— Had sex.

— Chalked up "sexperience" as a porn star, stripper or peepshow artist.

— Written articles and/or books on the subject.

— Penned a college sex column.

Author and self-proclaimed sex expert Tracey Cox went so far as to attribute her initial credentials to those of her sister, a nurse in family planning. Yet those lacking graduate degrees aren’t alone in claiming supposed expertise.

Many academics who have dabbled in sexuality have never been trained in the field. While their work occasionally may involve sex — anthropologists, biologists, educators, historians, nurses, physicians, psychologists, sociologists, theologians — they often sorely lack an acquired skills set, let alone had any coursework, regarding sex.

Even those with theses, dissertations or research findings on a sex-related subject aren’t necessarily experts in the field. They’re simply pros on that topic alone.

Don’t get me wrong. There are good sex experts from all types of fields doing good work. And some sex-related areas do not necessarily require academic training, e.g., becoming a Tantric practitioner.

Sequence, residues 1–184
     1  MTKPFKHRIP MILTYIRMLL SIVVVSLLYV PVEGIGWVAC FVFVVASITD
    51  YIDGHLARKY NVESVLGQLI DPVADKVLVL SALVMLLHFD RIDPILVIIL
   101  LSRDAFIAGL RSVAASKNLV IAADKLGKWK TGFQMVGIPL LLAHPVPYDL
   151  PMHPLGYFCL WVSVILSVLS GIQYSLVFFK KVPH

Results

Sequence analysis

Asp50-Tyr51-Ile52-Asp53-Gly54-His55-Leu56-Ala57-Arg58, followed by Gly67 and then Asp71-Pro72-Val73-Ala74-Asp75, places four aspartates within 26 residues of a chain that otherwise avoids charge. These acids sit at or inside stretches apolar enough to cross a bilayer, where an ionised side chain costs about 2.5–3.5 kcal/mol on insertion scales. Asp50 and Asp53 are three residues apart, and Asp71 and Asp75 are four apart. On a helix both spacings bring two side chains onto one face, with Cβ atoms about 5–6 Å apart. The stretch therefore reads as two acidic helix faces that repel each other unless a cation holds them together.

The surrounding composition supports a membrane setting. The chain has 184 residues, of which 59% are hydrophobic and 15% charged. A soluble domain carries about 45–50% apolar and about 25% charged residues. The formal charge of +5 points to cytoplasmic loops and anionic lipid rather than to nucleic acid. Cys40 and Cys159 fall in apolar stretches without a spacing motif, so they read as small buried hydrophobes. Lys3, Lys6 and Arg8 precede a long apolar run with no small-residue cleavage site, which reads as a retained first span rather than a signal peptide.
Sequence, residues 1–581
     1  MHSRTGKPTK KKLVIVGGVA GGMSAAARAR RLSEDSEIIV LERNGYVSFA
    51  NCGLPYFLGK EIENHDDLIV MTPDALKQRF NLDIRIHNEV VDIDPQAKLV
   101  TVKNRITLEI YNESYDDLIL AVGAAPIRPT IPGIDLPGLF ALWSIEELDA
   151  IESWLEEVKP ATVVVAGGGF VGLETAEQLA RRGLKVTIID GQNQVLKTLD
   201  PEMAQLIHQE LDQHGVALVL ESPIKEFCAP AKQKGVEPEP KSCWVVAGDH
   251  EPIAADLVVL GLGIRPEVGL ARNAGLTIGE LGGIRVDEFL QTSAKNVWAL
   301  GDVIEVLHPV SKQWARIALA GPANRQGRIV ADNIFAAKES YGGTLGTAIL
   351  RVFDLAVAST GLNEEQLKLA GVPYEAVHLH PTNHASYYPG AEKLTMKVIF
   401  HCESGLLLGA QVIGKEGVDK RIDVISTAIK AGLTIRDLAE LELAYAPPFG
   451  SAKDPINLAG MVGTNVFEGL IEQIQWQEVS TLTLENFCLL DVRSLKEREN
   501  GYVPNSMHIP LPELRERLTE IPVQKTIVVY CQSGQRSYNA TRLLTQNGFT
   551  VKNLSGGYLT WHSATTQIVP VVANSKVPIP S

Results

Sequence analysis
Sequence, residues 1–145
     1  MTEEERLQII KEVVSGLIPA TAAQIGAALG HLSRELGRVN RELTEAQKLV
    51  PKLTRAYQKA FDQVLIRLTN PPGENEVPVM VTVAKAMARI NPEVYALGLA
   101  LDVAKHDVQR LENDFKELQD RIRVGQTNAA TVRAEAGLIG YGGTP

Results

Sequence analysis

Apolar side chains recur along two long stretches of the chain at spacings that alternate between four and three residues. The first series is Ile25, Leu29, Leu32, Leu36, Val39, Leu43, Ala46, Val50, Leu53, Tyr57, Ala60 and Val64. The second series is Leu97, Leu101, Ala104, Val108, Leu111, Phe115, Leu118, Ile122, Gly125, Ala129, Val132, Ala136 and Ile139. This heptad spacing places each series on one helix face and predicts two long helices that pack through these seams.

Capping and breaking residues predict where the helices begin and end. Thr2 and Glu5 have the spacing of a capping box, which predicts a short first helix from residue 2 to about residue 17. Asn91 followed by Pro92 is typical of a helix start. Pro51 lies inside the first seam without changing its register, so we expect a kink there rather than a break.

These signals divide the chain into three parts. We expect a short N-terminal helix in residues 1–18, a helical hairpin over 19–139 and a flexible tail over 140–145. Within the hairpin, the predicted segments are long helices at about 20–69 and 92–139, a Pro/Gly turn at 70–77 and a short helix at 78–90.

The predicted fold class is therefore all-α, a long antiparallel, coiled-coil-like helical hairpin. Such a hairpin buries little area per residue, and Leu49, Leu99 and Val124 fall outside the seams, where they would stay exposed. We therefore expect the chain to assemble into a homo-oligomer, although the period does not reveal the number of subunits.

What’s scary, though, is that anybody can set up shop as a sex educator, sex and relationship expert or sex coach in helping us with our most intimate issues. When it comes to sex therapy, Florida is the only state regulating who, as a mental health professional, actually qualifies for such services.

What I want you to take away from this column more than anything is how to evaluate your sex resources. It’s wise to scrutinize them. So in doing so ...

Watch out for code terms. Many "experts" use words like "experiential" or "grassroots" researcher to give the illusion that they’re experts. The most creative one I’ve seen was from the Midwest Teen Sex Show. In educating adolescents about sex, the video podcast’s talent, Nikol Hasler, coins herself as a "former expert practitioner of teen promiscuity."

Consider your needs. Are you after entertainment or information? Do you want somebody who speaks from experience or who has learned from sages?

People often think that a sex expert needs to have done "X" to comment on it. That’s like saying a vegetarian nutritionist must eat beef to be an expert on its benefits. There are, however, advantages to learning from somebody who has been in the trenches on taboo topics academics won’t touch, e.g., Tristan Taormino’s materials on anal sex.